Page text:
5G simply stands for fifth-generation mobile networks or fifth-generation wireless systems. It will be the successor to 4G, the current top-of-the-line network technology first introduced commercially in 2009. 5G could end up being 100 times faster than 4G, with speeds that reach 10 gigabits per second. That would allow consumers to download a full-length high-definition movie in seconds. 5G will also increase total bandwidth, which will be needed to accommodate the “internet of things” -- the ballooning number of linked products, from smart refrigerators to traffic lights to dog collars, that will be sending and receiving data.
In South Korea in the first week of April, SK Telecom and its smaller rivals started a nationwide 5G service and Samsung Electronics Co. began selling a 5G-capable phone as part of its commercial rollout. On the same day, Verizon Communications Inc. started services in Minneapolis and Chicago. The U.S. carrier lacks actual 5G phones and can only offer the high-speed services to customers with a Motorola Z3 handset who pay $50 extra for a snap-on module. AT&T Inc. started a 5G service in December that serves hot-spot devices. Sprint Corp. says it will start limited 5G service in May. More manufacturers are expected to introduce 5G phones this year globally, including Huawei Technologies Co., ZTE Corp., LG Corp., Lenovo Group Ltd. and OnePlus.
3. When will 5G be the new normal?
Not for a bit. Even if you live in one of the countries where carriers are busy rolling out 5G services -- as well as the U.S. and South Korea, Japan and China are targeting early commercial networks -- it will be a couple of years at least before the geographic reach will be great enough to let you use your 5G phone without relying on current wireless networks most of the time.
4. What are the security worries?
They center on the new system’s ubiquity. 5G isn’t easier to hack than its predecessors, but it will eventually connect many more devices. So protection from outside malignant forces becomes a larger concern. The U.S. and others are worried that Chinese 5G equipment, chips and software could be outfitted to spy on other nations. In August, Australia banned Huawei and ZTE Corp. from supplying 5G wireless equipment to its telecommunication operators, citing national security. Verizon and rival AT&T Inc. have dropped plans to sell Huawei phones. In 2018, U.S. President Donald Trump blocked Broadcom Ltd. from acquiring Qualcomm Inc., the biggest maker of mobile-phone chips, over concerns that the merger would give China an edge in the race to develop 5G. In general, the U.S. wants to keep Huawei away from 5G.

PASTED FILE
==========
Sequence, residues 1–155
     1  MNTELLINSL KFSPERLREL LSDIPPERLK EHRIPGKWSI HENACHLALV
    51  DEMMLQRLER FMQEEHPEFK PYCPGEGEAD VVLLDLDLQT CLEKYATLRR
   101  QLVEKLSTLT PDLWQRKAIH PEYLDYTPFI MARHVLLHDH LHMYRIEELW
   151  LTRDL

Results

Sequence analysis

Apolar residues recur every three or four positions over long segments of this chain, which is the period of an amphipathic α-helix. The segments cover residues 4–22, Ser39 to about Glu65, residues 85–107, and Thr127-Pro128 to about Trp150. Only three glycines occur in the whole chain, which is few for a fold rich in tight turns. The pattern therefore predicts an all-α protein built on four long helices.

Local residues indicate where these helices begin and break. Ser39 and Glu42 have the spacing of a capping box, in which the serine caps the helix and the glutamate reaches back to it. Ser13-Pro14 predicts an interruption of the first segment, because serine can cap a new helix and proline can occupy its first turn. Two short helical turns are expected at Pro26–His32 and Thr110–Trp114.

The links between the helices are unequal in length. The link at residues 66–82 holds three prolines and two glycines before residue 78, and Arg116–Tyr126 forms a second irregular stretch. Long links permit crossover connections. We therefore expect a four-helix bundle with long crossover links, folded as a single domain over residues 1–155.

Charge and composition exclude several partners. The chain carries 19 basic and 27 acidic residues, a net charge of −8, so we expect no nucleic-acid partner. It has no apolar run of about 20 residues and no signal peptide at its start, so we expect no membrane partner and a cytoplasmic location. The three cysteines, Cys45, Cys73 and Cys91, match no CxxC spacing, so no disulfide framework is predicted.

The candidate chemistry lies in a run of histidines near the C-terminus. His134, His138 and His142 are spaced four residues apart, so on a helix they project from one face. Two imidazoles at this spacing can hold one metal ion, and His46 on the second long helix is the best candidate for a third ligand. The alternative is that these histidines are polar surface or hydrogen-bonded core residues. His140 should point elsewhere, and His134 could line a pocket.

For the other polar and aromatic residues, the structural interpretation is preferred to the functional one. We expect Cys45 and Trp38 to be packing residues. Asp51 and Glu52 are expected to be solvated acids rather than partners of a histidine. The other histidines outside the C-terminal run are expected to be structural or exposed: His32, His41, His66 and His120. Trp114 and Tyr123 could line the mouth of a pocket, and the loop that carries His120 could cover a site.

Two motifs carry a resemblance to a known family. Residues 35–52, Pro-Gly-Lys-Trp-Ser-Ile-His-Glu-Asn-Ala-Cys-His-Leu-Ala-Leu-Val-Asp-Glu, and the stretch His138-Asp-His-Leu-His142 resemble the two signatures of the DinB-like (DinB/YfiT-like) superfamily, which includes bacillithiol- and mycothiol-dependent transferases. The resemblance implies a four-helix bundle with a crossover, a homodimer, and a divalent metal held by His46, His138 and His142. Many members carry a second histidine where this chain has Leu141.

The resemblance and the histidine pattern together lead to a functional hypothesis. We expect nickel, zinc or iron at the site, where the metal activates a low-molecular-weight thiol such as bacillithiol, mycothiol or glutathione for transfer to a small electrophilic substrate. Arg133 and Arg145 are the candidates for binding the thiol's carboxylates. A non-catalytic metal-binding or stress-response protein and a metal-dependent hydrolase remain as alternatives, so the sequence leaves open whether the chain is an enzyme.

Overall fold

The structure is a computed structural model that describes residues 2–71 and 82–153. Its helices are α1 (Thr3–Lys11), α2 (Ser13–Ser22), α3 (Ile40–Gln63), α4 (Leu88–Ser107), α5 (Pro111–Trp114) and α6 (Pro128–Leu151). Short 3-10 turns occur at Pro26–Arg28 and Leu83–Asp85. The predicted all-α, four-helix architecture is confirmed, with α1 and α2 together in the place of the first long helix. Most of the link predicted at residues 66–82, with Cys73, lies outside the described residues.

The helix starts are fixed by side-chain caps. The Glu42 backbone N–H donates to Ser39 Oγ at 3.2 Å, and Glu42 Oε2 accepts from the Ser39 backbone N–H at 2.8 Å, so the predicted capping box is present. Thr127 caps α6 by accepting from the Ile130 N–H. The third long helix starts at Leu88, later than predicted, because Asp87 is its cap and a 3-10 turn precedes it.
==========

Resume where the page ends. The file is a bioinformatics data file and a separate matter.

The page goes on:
5. What else is being done on security?
The U.K., Germany, France and other countries are weighing whether to restrict Chinese networking gear. Trump is considering an executive order to erect barriers to Huawei doing business in the U.S. Separately, the Federal Communications Commission is considering banning the use of some federal subsidies for networking gear from firms suspected of being a national security risk, such as Huawei. Some rural carriers use Huawei networking gear, citing its low cost.
6. How big are the dangers?
The U.S. charges brought against Huawei include industrial sabotage -- something that 5G could allow to happen on a larger scale, according to U.S. officials. But other concerns include the vulnerability of public infrastructure and what might happen in a widespread failure. While today’s wireless systems connect a few devices like our phones and computers, 5G promises a radio wave-rich environment where billions of chips, sensors, cameras, appliances and electronics around us will be interconnected, pinging information back and forth. By 2024, the amount of data carried by mobile networks will be five times greater than it is today and 5G networks will cover more than 40 percent of the world’s population, according to Ericsson AB, the Swedish maker of wireless networks. It estimates that more than 22 billion gadgets will be connected to the internet of things by 2024.
7. What else are officials worried about?
Spying -- in particular suspected ties between Huawei and China’s intelligence agencies. The European Union’s digital chief Andrus Ansip has urged companies to reconsider partnerships with Chinese companies due to an intelligence law, passed in 2017, that says any organization and citizen must assist Beijing’s spy agencies with investigations.
Huawei has repeatedly denied allegations that it is an enabler for Chinese espionage, and has said blacklisting the company without proof will hurt the industry and disrupt new high-speed technology. Despite fear and speculation, there has been no convincing evidence that national security is in jeopardy, according to Huawei. The company commissioned a legal opinion to analyze the consequences of the 2017 law and has said that it doesn’t require Huawei to cooperate with state intelligence if it would contradict the legitimate rights and interests of individuals and organizations. Billionaire founder Ren Zhengfei used a rare press appearance in January to insist the company doesn’t help Beijing spy.
9. What do phone companies think?
Telecommunication companies have warned that costs will rise if Huawei is barred from supplying 5G equipment. Any ban would have a “significant implication” for European carriers’ costs as they roll out 5G and create “significant delay,” Nick Read, chief executive officer of Vodafone Group Plc, said in January.
--With assistance from Sohee Kim.
To contact the reporters on this story: Ian King in San Francisco at email@example.com;Scott Moritz in New York at firstname.lastname@example.org
To contact the editors responsible for this story: Kim Robert McLaughlin at email@example.com, John O’Neil, Rob Golum